Putting the gloves back on. Resilience is being knocked down and staying down. That pause is important. A lot of people talk about, “If you get knocked down, you get back up.” What gets missing in resilience is the time spent laying flat out on your back, processing and thinking about, “This is what happened. This is how I failed. This is what I have learned from that failure.” It’s easy to latch onto the failure or pop back up and do the same thing again as the bucket drips out. Resilience is having the time, wherewithal, and consciousness to stay down for a bit and then get back up differently.Resilience is having the time, wherewithal, and consciousness to stay down for a bit and then get back up differently. Click To Tweet
That is the most aligned answer to that question for me in what we do in our work. We speak on that topic a lot and do a lot of research. That is the answer that is most in alignment with what we believe about that topic. Many people think it is bouncing back. We say it is bouncing forward, but the concept of bouncing forward involves taking that pause. I will do a little self-promotion. We got a book called Change Proof: Leveraging the Power of Uncertainty to Build Long-term Resilience. That book is all about what you have been sharing with us. How do you become change-proof, immune, or inoculated from the virus of fear, and ultimately, for what purpose?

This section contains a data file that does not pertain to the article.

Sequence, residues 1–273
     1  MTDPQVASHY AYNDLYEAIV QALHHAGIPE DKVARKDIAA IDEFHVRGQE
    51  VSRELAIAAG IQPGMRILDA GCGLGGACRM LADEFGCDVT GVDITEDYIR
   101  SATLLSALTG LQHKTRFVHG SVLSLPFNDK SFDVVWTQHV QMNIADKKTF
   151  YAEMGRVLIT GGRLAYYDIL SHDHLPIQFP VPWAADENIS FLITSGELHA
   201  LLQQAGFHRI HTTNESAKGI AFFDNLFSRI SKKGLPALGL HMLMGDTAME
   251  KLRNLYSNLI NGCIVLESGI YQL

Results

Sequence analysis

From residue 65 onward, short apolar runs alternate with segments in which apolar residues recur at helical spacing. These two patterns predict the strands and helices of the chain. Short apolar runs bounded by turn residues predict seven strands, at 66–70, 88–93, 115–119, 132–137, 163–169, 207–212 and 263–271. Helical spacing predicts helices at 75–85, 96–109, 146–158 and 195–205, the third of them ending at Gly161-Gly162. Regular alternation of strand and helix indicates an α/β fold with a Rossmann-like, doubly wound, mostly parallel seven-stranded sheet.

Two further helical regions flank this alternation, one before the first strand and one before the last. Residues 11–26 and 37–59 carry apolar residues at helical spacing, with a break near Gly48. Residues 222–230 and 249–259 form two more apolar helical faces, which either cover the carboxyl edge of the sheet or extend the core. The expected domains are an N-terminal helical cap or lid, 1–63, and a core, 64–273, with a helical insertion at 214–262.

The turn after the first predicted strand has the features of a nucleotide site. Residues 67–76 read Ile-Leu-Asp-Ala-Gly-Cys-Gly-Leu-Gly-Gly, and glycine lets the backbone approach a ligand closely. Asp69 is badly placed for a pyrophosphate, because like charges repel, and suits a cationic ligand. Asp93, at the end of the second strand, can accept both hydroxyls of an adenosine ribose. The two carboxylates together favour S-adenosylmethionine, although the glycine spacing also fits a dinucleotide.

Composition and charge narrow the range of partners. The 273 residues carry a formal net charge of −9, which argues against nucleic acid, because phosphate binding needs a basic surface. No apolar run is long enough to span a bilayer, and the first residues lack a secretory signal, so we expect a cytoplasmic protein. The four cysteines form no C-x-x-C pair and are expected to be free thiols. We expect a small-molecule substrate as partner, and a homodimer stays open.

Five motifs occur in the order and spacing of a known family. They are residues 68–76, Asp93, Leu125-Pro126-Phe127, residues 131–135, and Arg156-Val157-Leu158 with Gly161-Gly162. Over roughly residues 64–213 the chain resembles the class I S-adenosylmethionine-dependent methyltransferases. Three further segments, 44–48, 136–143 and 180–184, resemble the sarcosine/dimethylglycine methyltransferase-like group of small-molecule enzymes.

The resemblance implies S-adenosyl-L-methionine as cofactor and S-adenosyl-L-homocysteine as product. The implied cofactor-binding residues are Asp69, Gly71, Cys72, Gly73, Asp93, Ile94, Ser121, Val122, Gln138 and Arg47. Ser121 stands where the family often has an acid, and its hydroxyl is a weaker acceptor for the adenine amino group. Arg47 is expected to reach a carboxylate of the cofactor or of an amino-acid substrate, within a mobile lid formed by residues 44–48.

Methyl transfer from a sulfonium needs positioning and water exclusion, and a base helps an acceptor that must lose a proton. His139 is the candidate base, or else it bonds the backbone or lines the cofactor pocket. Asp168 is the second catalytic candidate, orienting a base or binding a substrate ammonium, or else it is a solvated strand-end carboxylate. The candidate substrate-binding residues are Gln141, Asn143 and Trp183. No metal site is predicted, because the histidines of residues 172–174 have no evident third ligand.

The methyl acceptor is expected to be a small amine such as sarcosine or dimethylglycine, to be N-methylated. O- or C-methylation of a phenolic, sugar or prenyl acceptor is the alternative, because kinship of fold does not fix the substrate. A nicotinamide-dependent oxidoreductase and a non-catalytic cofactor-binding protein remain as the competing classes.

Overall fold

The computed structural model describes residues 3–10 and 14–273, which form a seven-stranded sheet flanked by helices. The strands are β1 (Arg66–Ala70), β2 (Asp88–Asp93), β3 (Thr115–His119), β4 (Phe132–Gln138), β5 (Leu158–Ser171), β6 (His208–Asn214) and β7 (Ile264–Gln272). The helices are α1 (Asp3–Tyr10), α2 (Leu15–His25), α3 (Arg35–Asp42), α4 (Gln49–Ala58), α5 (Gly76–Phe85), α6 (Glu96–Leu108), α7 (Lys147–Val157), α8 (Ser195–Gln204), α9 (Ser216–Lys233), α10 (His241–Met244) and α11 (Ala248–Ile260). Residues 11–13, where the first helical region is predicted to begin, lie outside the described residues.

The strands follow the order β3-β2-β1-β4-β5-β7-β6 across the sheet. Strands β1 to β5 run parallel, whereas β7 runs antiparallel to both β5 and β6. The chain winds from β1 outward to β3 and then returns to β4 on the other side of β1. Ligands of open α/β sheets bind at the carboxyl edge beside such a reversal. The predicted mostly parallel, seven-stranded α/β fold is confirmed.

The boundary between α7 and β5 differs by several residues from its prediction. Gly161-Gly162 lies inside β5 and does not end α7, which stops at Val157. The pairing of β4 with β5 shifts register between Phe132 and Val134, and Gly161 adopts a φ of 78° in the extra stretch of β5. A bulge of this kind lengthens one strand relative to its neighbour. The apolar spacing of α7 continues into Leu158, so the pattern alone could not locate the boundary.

You have given us one of the best definitions of what it looks like to be resilient, to take the hit and not immediately bounce up to take another one. You say to pause, ask questions, and then choose to take another maybe similar path, but it could be something entirely different because of what you have learned. That pause, ask, and choose is the model that we are going to share in that book. You articulated such an important part of that. Thank you.
It’s my pleasure. I had the pleasure of talking with a Navy SEAL, and what you were describing, I was thinking about what he said. I got to get a shout-out to Jonathan Cleck. He was talking about resilience and the idea that if you ask somebody to go out and swim 20 miles, how many of you can go swim 20 miles? You look around and nobody is raising their hand. If I drive you out to the middle of the ocean, drop you 20 miles out, and say, “The shore is there,” how many of you will do it? He says, “Resilience is the idea of inoculating yourself against fear and recognizing that you are swimming along the shore for 20 miles.”